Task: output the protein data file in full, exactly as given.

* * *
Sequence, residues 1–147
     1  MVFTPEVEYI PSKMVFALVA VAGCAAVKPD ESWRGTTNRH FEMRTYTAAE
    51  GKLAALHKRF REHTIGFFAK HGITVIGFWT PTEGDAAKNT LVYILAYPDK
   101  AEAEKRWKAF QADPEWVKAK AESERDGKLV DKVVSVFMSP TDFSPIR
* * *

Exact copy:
Sequence, residues 1–147
     1  MVFTPEVEYI PSKMVFALVA VAGCAAVKPD ESWRGTTNRH FEMRTYTAAE
    51  GKLAALHKRF REHTIGFFAK HGITVIGFWT PTEGDAAKNT LVYILAYPDK
   101  AEAEKRWKAF QADPEWVKAK AESERDGKLV DKVVSVFMSP TDFSPIR